NIXON: We've got to be thinking in terms of an all-out bombing attack.... I'm thinking of the dikes.

KISSINGER: I agree with you.

NIXON: ...Will that drown people?

KISSINGER: About two hundred thousand people.

It was in order to try to avert this catastrophe that Fonda, whose popular "FTA" road show (either "Fun, Travel, Adventure" or "Fuck the Army") was blocked from access to military bases, gave interviews on Hanoi radio describing the human consequences of all-out bombing by B-52 pilots five miles above her. After her visit, the US bombing of the dike areas slowed down, "allowing the Vietnamese at last to repair damage and avert massive flooding," according to Mary Hershberger.
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Old 04-04-2005, 01:27 AM   #18 (permalink)
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Quote:
Originally Posted by guy44
Really? Who was our enemy? USSR, OK. But Vietnam? We were wrong to go there, W-R-O-N-G.
Yup, Russian Communists = bad, Vietnamese Communists = Good.

Quote:
"If you understood what communism was, you would hope, you would pray on your knees that we would some day become communist."
The more things change, the more things stay the same....

Quote:
what research have you done to be so sure about the political details of a 32 year old event?
<img=src:> http://www.1stcavmedic.com/Jane_Fond...from_Hanoi.jpg </img>

I've done enough research to know who Tom Hayden is...and to know that committing felonies is wrong. "YMMV".

Last edited by moosenose; 04-04-2005 at 01:32 AM..
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Old 04-04-2005, 02:32 AM   #19 (permalink)
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Quote:
Originally Posted by Tophat665
Actually, it's absolutely accurate. By attempting to change the laws to coincide with their religious beliefs in contravention of the Constitution, and by trying to fill the court system with judges that will not see such laws as contravening the Constitution, they place their religion above their civic duty. That's religious extremism nearly by definition.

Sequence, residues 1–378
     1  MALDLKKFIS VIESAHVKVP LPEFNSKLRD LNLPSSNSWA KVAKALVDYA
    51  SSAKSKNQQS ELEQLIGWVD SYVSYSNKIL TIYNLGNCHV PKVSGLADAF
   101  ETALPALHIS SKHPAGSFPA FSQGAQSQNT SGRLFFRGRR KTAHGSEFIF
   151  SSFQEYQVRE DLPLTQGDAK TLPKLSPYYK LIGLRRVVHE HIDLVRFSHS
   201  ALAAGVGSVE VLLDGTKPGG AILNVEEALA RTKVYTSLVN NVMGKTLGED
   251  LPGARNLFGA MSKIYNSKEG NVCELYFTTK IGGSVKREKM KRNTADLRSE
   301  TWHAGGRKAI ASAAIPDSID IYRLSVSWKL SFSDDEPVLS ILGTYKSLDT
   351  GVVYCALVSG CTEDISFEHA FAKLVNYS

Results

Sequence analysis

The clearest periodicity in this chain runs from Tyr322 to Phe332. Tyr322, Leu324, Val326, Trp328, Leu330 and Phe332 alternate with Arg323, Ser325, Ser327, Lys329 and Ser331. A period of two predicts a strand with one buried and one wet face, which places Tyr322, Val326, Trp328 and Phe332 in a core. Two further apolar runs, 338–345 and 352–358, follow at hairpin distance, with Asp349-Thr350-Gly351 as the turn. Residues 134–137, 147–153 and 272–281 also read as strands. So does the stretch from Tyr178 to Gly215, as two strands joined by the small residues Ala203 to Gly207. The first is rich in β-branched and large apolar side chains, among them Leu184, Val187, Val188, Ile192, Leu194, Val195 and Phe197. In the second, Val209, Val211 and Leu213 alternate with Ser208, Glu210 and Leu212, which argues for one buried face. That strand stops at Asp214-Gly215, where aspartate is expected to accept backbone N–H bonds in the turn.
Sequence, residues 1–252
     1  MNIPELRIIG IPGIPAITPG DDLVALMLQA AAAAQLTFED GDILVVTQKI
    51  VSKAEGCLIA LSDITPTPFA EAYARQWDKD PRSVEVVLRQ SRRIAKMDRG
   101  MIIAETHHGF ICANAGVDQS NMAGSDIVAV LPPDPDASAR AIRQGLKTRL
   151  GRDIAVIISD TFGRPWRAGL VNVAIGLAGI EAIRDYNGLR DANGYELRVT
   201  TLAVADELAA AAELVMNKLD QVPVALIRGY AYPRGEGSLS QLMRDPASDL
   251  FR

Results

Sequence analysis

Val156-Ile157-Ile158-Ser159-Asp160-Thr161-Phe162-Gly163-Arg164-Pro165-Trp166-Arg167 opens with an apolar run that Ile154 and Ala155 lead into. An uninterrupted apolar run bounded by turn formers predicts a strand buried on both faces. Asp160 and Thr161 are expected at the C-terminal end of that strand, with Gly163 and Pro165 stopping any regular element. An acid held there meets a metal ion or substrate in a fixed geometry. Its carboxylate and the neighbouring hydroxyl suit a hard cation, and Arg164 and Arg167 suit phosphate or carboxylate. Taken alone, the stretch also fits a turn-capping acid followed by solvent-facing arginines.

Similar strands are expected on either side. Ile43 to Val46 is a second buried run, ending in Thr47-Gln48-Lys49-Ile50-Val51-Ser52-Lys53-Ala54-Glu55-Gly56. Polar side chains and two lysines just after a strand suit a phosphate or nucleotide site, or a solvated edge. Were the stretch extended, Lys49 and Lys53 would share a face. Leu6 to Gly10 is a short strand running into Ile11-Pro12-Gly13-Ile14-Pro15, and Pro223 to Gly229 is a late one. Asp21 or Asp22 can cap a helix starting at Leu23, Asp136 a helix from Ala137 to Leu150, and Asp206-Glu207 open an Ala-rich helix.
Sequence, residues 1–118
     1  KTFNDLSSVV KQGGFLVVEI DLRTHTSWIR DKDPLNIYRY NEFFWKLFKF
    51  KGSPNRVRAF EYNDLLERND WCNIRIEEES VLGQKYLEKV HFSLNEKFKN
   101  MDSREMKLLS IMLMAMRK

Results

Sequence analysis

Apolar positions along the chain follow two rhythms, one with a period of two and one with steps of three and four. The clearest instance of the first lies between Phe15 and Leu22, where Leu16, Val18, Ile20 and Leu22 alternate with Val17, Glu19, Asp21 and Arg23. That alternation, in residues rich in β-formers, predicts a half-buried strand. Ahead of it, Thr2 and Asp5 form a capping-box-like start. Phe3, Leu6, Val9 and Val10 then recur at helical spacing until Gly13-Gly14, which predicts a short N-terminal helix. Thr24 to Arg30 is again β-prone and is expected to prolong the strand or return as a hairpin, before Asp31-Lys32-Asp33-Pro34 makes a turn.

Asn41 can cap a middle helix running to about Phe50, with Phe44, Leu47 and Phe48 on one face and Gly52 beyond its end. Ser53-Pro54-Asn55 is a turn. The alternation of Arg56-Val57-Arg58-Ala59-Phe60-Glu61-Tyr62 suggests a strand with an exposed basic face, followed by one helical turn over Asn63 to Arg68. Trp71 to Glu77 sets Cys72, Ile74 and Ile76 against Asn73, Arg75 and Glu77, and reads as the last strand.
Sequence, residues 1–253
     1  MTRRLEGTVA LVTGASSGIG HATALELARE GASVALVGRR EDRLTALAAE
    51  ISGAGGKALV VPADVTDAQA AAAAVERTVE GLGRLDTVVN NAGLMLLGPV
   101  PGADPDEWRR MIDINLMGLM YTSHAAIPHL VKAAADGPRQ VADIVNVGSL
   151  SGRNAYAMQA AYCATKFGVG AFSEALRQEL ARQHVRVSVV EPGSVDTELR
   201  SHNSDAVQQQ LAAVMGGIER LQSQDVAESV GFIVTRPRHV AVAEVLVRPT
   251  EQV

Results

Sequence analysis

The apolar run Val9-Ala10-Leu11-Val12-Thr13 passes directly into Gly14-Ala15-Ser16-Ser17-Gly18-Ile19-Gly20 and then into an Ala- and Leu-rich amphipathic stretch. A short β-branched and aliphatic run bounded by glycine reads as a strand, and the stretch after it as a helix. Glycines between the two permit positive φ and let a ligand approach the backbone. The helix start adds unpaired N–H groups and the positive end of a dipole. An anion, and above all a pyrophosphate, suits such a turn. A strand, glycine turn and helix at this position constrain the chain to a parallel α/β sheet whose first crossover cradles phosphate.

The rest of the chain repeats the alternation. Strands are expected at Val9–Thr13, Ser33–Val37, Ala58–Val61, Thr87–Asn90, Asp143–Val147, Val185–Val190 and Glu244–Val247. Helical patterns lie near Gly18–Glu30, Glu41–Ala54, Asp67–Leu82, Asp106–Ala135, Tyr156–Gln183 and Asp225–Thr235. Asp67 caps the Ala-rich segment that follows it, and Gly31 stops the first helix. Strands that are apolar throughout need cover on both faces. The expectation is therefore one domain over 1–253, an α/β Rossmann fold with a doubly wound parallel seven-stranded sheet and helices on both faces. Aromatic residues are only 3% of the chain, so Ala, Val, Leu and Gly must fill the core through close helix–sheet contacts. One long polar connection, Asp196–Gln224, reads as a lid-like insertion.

You call it religious extremism, but what you described is no such thing. It seems as if your personal dislike for those with religious beliefs coulors your thinking. The Constitution does not ban people from having religious beliefs, nor does it ban people from acting on their beliefs. Also, what if someone had the same exact beliefs and moral set, but didn't actually practice religion, or believe in any particular religion? Would they also be a religious extremist? And maybe judges don't see a law as non-constitutional because it isnt, not because of some vast religious conspiracy. There seems to be a tactic of the left now to label any position they don't agree with that has to do with morality as a religious issue, and then try to ban people holding that belief from making their opinion known, regardless of if they are actually religious. That is how being anti-abortion can make you a religious extremist trying to subvert the Constitution, because rather than deal with the issue head on liberals desire to have the other position disqualified from being debated.

Quote:
It's that whole pesky 1st ammendment thing. There is no overt role for religion in government. It's more subtle than that though, and I didn't phrase it all that well. When individuals act from religious conviction, that's one thing. When a large group of individuals band together over many years and subordinate one of the only two viable political parties in the country to their agenda, it's rather another.
Why is it any different? What makes religion so heinous that it should be excluded? What is religion but a belief system? There is no functional difference, but by labelling positions that they oppose as being religious, the left is able to attempt to deny a large portion of the population a voice. This has nothing to do with the first amendment, it has to do with politics.
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Old 04-04-2005, 10:15 AM   #20 (permalink)
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Quote:
Originally Posted by moosenose